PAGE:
This blog post is very late, but I have much to report! Before I left for Berlin last week, the modern alchemist scholar I contacted for an interview responded and agreed to participate in a Skype interview. Yesterday, I conducted the interview with my supervisor, Wojtek, recording the call, and it was a success. No major screw-ups :). And it was pretty interesting. I won’t say more, though, as I don’t want to spoil the episode, which should be released in November or December of this year.
I have also finished my article comparing Polish and American university experiences, and it is now in the publication process and should be on the website soon. It was interesting to compare what the editing process is like here to the process on the news desk of The Michigan Daily. The article styles are very different, as here articles can be more narrative-based and are more casually written, while at The Daily, articles need to be written objectively and concisely.
Now that I’ve had my last interview for the alchemist episode, I can really dedicate myself to writing the script. I’m a little nervous, as I’ve never written a podcast script before, but I’m excited to see what I come up with.
Onto Berlin! I met Maryellen at our Airbnb on Saturday, and it was SO nice to see a friendly Michigan face. She was traveling a bit before her internship started in Warsaw, so before she met me in Berlin, she’d been in Vienna, then a town outside Innsbruck, then Munich, and maybe something else I’m forgetting. It was great to have another American to bond with about being alone in a foreign country.
We managed to pack a lot into our Berlin trip, seeing as we were there for only two days. The first day we did a 4.5 hour bike tour, on which we visited Bebelplatz (where the Nazis held the first major bookburning), a fragment of the Berlin wall, the site of Hitler’s bunker, the Brandenburg gate, Checkpoint Charley, the last remaining guard tower of the Cold War era, the Reichstag, and probably more that I’m forgetting. We ate lunch (schnitzel and beer!) in the Tiergartens, a huge, beautiful park that actually used to be a hunting ground. After the tour, we headed to Mauerpark, which on Sundays has a huge flea market as well as something called Bearpit Karaoke, where random people sign up to sing a song in front of a huge crowd of people. We also went to the Topography of Terror, a museum documenting the rise of the Nazis and the horror of WW2/the Holocaust. It is free, because the German government wants every German citizen and visitor to know the horrible truths of what happened.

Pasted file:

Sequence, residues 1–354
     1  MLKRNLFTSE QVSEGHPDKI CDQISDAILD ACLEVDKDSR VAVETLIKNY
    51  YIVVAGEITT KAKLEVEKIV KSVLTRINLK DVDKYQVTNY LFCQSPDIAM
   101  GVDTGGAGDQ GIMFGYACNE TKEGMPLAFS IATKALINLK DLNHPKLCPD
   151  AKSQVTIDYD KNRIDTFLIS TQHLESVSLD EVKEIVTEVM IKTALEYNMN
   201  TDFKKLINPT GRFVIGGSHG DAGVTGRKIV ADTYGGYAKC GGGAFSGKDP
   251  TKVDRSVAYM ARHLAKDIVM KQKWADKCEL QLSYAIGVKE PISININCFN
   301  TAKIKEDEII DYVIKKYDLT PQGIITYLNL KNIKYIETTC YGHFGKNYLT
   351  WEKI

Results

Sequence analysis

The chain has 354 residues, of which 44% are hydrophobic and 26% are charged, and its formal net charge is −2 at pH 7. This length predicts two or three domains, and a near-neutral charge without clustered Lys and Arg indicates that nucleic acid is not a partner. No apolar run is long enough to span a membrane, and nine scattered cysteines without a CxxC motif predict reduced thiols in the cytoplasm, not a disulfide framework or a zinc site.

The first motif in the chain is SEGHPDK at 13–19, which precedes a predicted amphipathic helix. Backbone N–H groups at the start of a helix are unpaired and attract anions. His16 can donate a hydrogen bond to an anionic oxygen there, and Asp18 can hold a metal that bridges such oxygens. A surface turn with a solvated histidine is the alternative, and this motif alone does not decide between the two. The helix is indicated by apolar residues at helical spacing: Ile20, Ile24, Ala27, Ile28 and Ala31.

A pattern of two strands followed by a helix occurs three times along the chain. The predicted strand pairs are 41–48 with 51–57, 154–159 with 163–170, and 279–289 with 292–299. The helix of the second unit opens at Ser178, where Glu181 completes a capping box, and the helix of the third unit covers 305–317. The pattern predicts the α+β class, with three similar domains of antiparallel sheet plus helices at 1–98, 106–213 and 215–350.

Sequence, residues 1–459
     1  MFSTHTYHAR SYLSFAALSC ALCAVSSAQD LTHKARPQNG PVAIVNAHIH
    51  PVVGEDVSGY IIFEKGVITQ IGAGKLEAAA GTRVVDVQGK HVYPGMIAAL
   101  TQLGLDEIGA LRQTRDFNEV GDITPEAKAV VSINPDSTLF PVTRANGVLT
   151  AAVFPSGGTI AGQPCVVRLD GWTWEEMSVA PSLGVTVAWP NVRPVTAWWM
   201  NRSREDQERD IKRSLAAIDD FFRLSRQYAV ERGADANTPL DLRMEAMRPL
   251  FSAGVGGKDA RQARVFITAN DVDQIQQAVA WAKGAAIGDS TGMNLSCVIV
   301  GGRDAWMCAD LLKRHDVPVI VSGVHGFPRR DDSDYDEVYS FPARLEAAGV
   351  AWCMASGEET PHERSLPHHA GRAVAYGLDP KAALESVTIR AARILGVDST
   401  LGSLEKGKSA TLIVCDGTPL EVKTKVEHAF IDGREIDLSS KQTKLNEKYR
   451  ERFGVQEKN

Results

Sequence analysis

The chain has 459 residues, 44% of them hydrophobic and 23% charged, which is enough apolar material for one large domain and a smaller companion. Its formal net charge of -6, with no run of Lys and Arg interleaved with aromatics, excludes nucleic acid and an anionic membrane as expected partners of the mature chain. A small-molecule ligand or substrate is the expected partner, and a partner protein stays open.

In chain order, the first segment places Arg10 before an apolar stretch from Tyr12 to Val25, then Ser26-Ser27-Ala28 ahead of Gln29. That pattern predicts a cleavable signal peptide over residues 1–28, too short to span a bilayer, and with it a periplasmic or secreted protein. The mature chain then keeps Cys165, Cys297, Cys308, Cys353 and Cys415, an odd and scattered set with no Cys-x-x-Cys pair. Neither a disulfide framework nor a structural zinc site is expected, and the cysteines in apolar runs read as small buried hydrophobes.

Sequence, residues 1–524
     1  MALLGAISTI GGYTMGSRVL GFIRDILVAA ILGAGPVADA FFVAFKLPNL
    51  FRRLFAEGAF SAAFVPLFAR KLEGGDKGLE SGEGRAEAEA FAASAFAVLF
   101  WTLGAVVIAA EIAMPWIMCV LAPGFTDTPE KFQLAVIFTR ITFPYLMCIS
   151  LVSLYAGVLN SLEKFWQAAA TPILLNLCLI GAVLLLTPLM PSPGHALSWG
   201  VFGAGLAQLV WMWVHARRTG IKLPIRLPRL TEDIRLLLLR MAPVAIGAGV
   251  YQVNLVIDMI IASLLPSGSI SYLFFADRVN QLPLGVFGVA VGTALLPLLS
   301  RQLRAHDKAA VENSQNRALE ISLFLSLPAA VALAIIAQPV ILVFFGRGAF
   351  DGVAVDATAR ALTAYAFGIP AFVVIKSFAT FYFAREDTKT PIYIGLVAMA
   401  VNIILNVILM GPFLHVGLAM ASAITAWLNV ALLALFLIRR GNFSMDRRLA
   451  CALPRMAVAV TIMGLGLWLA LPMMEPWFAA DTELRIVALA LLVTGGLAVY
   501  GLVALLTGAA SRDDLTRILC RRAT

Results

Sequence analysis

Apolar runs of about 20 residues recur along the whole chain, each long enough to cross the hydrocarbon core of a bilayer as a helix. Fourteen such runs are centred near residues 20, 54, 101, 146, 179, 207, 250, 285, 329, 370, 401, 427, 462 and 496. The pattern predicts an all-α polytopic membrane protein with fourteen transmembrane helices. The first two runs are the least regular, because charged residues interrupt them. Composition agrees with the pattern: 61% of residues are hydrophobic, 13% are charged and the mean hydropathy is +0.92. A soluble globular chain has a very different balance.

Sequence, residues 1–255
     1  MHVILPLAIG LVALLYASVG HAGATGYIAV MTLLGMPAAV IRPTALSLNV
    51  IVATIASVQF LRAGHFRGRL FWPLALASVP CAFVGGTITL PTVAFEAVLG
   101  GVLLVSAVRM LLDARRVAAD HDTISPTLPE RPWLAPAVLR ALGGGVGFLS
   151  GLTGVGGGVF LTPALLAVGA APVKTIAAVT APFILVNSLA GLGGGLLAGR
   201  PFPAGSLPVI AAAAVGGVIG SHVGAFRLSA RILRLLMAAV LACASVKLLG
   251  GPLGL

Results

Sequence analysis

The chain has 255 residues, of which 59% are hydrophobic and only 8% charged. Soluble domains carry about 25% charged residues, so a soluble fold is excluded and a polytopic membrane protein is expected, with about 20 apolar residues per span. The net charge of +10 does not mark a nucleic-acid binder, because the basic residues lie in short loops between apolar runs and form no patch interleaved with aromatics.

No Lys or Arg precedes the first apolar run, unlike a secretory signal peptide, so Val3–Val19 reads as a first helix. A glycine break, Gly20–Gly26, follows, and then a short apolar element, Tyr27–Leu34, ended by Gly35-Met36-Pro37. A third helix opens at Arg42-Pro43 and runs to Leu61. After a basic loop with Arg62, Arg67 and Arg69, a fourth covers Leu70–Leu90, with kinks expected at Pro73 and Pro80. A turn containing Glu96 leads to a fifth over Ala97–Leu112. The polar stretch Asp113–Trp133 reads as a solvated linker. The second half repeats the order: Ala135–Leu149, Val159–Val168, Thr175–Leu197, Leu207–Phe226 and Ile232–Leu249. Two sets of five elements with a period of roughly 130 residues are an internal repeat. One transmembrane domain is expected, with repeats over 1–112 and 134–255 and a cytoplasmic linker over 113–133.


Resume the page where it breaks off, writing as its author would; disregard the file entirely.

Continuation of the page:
The next day we went to the Pergamon Museum on Museum Island (which is where Angela Merkel lives!), and saw some of the archaeological treasure they have, including a reconstruction of the Ishtar Gate, which used to stand outside King Nebuchadnezzar’s palace in Babylon. We then went to the East Side Gallery, the longest remaining stretch of the Berlin Wall, which has turned into a canvas for graffiti artists. After that, we climbed to the top of the Victory Column to get a bird’s eye view of Berlin, and then took the metro to view Kaiser Wilhelm Memorial Church, a church damaged by WW2. Our Airbnb host then took us to a very cool rooftop bar for dinner, which also had a great view of Berlin and had some killer jazz music.
It was a packed trip, and we were pretty exhausted on the train ride to Warsaw. But it was also extremely fun, and made me want to go back to Berlin (and maybe do an internship there!). Now that I’ve done the touristy stuff, next time I go I can really absorb the city.
I’m excited Maryellen is in Warsaw with me, even if only for a short period of time, as my internship is rapidly coming to a close. But for these last couple of weeks, it will be awesome to have a fellow American/Umich student to continue exploring the city with.
Here’s a picture of a peacock Maryellen and I saw in Lazienki Park in Warsaw yesterday:
And here are some photos from Berlin: